Father Brendan Fitzgerald anticipates being in a world of hurt Sept. 5, but it will be nothing compared to the physical pain he endured on the day of his priestly ordination – all because of his affinity for long-distance cycling.
The associate pastor of Sacred Heart in Glyndon, Father Fitzgerald is promoting its mission and evangelization through the Shenandoah Mountain 100 Sept. 5, which involves enough ups and downs through the George Washington National Forest in Virginia to account for more than 6 miles of elevation.
The parish in northwest Baltimore County was Father Fitzgerald’s first assignment after ordination. Unbeknownst to many, he walked into the Cathedral of Mary Our Queen in Homeland for the rite of ordination Aug. 22, 2021, with his left arm in a sling. Ten days earlier, he underwent surgery to repair a broken collarbone he suffered during a July wipeout on a path in Frederick’s municipal watershed.
“I worried that I wouldn’t be able to get off the floor after prostrating myself,” Father Fitzgerald said, of a pivotal moment during the rite. “I lost consciousness on that (cycling) fall. After surgery, I had a titanium plate and eight screws holding me together.
“Everyone talks about endurance on a long ride, but with the one like this coming up, it’s all about keeping your focus on the downhills.”
Father Fitzgerald, 37, was a debate standout at Calvert Hall College High School in Towson; developed a pretty good golf game while attending Loyola University Maryland and working in the seafood business; and learned to deal with oxygen deficits while studying Spanish in Bogotá, Colombia, more than a mile high.
It wasn’t until he was fully ensconced at Mount St. Mary’s Seminary in Emmitsburg, tucked along the Blue Ridge Mountains, that he became a serious cyclist. On the open road, Father Fitzgerald isn’t seeking solitude, but community.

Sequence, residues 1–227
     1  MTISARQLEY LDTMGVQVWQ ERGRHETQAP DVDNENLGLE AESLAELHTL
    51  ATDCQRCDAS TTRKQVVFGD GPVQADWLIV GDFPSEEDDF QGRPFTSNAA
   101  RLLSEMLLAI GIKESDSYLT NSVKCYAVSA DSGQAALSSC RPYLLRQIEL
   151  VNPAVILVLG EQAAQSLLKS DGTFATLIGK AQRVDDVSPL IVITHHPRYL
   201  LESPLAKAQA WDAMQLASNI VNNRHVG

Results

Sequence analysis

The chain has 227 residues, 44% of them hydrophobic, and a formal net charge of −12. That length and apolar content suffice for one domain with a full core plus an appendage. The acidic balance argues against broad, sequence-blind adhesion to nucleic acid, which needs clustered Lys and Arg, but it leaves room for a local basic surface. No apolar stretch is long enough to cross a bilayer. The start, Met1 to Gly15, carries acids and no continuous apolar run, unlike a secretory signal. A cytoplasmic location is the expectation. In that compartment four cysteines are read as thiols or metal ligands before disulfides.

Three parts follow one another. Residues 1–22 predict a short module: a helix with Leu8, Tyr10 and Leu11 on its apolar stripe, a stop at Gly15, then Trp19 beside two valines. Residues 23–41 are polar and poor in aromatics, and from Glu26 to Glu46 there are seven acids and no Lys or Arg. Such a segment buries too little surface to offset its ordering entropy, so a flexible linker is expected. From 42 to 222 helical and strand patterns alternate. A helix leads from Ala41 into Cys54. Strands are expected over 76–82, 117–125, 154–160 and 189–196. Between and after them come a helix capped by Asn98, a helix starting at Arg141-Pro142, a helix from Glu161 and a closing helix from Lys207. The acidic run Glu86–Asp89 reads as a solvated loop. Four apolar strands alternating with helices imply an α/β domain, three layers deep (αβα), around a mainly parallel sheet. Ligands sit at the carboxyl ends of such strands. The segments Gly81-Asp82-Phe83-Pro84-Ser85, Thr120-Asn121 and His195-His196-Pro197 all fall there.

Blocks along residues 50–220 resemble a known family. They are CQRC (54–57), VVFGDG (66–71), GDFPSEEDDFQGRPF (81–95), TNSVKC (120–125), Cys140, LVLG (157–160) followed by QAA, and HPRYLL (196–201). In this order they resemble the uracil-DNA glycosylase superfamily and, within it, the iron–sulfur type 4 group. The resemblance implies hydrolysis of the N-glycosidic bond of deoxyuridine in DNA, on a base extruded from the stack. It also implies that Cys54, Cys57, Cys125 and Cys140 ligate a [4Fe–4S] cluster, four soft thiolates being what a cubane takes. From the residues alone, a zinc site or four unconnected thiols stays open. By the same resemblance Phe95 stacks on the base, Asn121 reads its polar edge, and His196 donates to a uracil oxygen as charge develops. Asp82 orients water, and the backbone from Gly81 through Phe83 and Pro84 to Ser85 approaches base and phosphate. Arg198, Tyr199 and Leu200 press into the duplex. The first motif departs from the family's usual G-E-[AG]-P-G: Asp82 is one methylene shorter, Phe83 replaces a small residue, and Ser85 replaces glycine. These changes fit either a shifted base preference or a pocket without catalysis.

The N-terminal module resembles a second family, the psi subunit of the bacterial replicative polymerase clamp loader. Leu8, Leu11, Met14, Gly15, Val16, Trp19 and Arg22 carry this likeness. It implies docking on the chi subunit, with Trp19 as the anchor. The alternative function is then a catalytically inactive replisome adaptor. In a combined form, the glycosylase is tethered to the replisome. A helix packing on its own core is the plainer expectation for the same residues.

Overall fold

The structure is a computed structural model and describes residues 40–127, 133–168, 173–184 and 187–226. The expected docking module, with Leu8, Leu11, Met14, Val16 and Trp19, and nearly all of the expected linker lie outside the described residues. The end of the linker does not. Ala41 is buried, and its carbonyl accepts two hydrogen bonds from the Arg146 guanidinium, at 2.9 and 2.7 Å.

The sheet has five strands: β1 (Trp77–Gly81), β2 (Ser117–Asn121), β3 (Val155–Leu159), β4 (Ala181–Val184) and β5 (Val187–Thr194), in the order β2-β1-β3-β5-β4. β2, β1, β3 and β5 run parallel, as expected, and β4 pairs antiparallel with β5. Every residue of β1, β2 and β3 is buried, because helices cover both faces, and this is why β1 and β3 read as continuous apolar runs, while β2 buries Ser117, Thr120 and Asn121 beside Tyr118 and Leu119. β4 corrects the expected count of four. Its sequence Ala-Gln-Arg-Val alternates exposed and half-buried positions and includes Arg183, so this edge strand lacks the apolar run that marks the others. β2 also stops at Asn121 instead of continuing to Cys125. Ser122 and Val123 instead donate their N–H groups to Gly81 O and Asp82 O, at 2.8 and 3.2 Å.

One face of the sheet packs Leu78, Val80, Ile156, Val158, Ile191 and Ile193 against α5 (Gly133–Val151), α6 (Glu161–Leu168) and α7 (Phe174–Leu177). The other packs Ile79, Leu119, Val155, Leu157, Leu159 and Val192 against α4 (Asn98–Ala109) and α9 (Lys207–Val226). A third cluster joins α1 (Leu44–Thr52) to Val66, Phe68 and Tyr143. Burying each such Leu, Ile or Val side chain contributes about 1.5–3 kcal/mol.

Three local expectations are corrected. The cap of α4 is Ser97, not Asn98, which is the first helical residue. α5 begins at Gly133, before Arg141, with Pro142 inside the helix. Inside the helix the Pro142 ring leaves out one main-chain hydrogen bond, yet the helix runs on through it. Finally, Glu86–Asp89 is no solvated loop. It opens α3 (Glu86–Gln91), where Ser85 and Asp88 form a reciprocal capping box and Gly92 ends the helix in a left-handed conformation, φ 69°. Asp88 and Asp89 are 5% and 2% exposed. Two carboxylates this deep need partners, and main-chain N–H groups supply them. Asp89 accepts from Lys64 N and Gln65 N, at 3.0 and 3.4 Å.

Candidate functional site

“It’s a way to stay in shape and build relationships,” he said. “It’s another way to be out there in the world with God. One of the fundamental things we learn in seminary is that we encounter God through the world around us.”
His introduction to longer cycling races included a 70-miler in and around the Catoctin Mountains with fellow seminarian Robert Renner, now a transitional deacon for the Diocese of Arlington, Va. Father Fitzgerald’s community includes Father Gerard Francik, pastor of Sacred Heart, himself a runner who has completed several half-marathons.
“I’m in admiration of his enthusiasm, his energy, his physical endurance and his willingness to do this, not only for himself but for the parish,” Father Francik said. “Our young adult ministry will be built up by this tremendous infusion of funding as we continue to open up after COVID-19.”
Father Fitzgerald’s preparation included vacation in the altitude of Colorado and Utah with his old “seminary crew.”
His Labor Day weekend fundraiser sought 100 sponsors, one for each mile of the Shenandoah Mountain 100, to pledge $100. Parishioners responded in full force, exceeding his goal of $10,000 for “Mission and Evangelization.”
“I was going to do the race regardless,” Father Fitzgerald said. “You see people doing this (raise funds for a cause) when they run marathons. No reason I can’t do that on my bike. I’m hearing from people, ‘I’m sponsoring mile 84, how is that?’ It’s been a good way for the parishioners and I to get to know one another. It’s a good team project.”
Email Paul McMullen at pmcmullen@CatholicReview.org.
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